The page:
Our overall approach to this project is through agile and user-centred methodologies, cross-authority collaboration and open and transparent communication. The project is centred around the idea that Planning Officers are best placed to understand what they need to be able to carry out an informed, accurate planning assessment - so we have used the experiences and needs of these users to shape the direction of the project.
Agile, user-centred methodologiesAligned with the GDS Service Standard, GDS Service Manual and Local Digital Declaration, our approach for this collaborative project is through agile methodologies.
Our multidisciplinary project team has been working within the framework of agile sprints – short, two-week learning cycles. Each sprint includs activities to learn, synthesise, and share new knowledge, ensuring:
- User needs are prioritised at the forefront of project direction and any key decisions
- Continuous learning and adapting to change is central to our approach
- Short sprint learning cycles are implemented — making, testing and learning in order to respond to user needs
Each sprint also includes key agile meetings:
Daily standup — sharing daily updates across the team and identifying any blockers so that these can be resolved as soon as possible, preventing any hold-up on the project’s progression
Sprint planning — scoping, prioritising and agreeing project work for over a two-week period, so that the team knows exactly what they should be working on and why
Show & Tells — sprint updates to wider teams and stakeholders, to maintain interest and engagement with the project
Retrospectives — looking back on the previous sprint to identify what has gone well and what could have gone better, so that the team is continuously improving its aproach to working going into the next sprint
Sharing sprint progress with planning teams at the Southwark office.
Cross-authority collaborationAt the very core of the MHCLG Local Digital Fund and BoPS is the need to be a project that addresses common local service challenges in common, reusable ways. This means that as many users as possible will be able to benefit from the outcome of the project.
Our approach needs to ensure that any learning and outputs from this project can be adopted across multiple local authorities, regardless of demographics (location, size, number of employees, digital capabilities and accessibility requirements).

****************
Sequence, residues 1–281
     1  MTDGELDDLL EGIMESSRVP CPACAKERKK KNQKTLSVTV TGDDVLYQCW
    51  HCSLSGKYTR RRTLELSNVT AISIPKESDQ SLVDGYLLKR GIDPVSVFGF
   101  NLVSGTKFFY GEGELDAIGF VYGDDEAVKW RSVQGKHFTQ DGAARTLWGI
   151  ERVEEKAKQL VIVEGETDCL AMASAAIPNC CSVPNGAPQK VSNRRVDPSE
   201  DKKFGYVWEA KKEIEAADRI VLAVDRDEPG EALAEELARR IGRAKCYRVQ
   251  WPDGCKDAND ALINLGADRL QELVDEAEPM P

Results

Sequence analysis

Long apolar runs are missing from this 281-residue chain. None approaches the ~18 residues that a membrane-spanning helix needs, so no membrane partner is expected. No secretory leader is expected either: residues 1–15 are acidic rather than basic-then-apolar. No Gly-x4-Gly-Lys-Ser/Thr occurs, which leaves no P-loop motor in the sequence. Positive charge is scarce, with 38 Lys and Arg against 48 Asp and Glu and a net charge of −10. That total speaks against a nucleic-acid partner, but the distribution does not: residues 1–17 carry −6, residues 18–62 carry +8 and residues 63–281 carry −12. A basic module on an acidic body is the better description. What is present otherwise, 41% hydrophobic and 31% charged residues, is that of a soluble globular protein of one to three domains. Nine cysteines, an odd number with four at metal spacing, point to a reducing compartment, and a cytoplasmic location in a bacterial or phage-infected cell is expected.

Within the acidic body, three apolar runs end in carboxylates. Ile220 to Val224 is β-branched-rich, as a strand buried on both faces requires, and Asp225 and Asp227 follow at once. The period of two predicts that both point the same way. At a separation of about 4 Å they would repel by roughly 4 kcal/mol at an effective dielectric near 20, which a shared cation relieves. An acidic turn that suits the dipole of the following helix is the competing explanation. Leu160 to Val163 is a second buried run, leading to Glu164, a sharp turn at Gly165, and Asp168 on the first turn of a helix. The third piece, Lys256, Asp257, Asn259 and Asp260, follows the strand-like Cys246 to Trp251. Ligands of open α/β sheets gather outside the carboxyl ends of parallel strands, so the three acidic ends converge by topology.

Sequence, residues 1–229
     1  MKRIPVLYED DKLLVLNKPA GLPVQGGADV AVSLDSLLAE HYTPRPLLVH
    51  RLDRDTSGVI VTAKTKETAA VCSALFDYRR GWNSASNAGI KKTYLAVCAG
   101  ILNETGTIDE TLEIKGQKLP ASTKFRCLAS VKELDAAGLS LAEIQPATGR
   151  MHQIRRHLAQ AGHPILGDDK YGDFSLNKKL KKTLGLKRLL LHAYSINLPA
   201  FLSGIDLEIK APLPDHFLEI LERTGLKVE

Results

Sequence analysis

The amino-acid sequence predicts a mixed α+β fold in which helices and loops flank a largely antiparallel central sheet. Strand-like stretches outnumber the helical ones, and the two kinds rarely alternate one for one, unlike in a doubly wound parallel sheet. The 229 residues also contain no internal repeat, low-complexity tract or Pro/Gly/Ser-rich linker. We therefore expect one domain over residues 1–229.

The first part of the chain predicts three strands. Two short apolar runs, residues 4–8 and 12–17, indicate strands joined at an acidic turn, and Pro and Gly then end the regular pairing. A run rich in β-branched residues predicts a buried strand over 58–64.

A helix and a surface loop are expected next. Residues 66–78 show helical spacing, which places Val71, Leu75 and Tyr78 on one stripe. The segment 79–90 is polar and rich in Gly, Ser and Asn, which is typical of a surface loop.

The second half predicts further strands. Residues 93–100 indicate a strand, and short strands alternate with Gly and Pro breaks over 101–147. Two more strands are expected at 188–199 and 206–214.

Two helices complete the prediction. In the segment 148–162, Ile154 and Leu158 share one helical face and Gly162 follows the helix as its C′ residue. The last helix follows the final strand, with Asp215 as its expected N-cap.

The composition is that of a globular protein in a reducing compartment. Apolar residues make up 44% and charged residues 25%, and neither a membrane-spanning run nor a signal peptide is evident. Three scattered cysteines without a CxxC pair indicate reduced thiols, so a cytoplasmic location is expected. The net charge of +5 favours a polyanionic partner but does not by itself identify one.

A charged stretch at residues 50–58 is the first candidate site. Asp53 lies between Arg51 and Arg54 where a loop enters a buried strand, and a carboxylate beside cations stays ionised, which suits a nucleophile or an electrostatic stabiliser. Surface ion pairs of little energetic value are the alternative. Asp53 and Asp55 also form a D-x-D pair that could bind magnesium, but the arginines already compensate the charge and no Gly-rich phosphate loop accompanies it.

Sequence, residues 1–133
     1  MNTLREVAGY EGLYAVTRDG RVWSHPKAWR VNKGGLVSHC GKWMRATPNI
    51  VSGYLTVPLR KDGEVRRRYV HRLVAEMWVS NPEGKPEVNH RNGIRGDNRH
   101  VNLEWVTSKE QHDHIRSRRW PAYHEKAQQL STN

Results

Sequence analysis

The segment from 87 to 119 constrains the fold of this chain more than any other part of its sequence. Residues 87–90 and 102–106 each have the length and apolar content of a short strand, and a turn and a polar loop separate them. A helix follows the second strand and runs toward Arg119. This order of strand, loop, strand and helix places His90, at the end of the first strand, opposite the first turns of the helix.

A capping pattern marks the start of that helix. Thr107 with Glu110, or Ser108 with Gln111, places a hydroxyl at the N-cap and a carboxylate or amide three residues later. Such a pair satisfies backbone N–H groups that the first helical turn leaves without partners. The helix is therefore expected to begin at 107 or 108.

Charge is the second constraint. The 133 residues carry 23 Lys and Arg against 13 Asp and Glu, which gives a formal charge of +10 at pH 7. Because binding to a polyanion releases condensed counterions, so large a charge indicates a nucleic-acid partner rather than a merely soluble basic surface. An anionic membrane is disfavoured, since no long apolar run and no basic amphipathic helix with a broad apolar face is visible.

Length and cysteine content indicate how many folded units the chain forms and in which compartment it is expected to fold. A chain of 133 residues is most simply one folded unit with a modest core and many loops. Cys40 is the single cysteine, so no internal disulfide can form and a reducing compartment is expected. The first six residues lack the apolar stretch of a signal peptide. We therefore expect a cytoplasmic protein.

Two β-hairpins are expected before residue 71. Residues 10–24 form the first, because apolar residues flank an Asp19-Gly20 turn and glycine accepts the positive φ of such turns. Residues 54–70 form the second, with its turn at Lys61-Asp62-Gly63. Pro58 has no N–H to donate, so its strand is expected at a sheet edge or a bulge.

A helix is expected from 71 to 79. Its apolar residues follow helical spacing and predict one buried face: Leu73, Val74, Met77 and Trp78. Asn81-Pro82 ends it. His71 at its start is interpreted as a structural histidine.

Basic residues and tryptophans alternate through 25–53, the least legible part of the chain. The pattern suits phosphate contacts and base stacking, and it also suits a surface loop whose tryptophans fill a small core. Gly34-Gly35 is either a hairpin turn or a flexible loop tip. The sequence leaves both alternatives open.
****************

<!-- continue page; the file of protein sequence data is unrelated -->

To achieve this, our team is:
Working with a wide pool of project partners — to ensure what we are doing can work across multiple local authorities, we are working as a team of five individual authorities (Southwark, Croydon, Coventry, Hackney and Greater London Authority), as well as MHCLG
Recruiting and onboarding a wide demographic — our team is actively recruiting non-London and London, rural and inner city local authorities across the UK, ensuring representative groups of users
Carrying out primary research on location — undertaking primary user research (interviews, shadowing, process mapping, co-design sessions) across individual UK authorities to gain an understanding of their user needs and wider process and technical landscapes
Open and transparent communicationTo ensure open communication across the project, our team has embedded a core set of tools and practices, including:
A cloud-based team toolkit — Slack for day-to-day team conversation (using the shared PlanTech workspace for wider working), Trello as our project board, Google Drive as our team drive and Whereby for video conferencing
Regular Show & Tells — 30-minute Show & Tells each sprint to share progress and next steps, providing a platform for feedback and strategic input from stakeholders (as well as recording each Show & Tell for those who are unable to be there in person)
Publishing weeknotes — sharing progress each week through publishing project weeknotes on the Innovate Southwark website
Sharing videos — recording and sharing short videos of team activities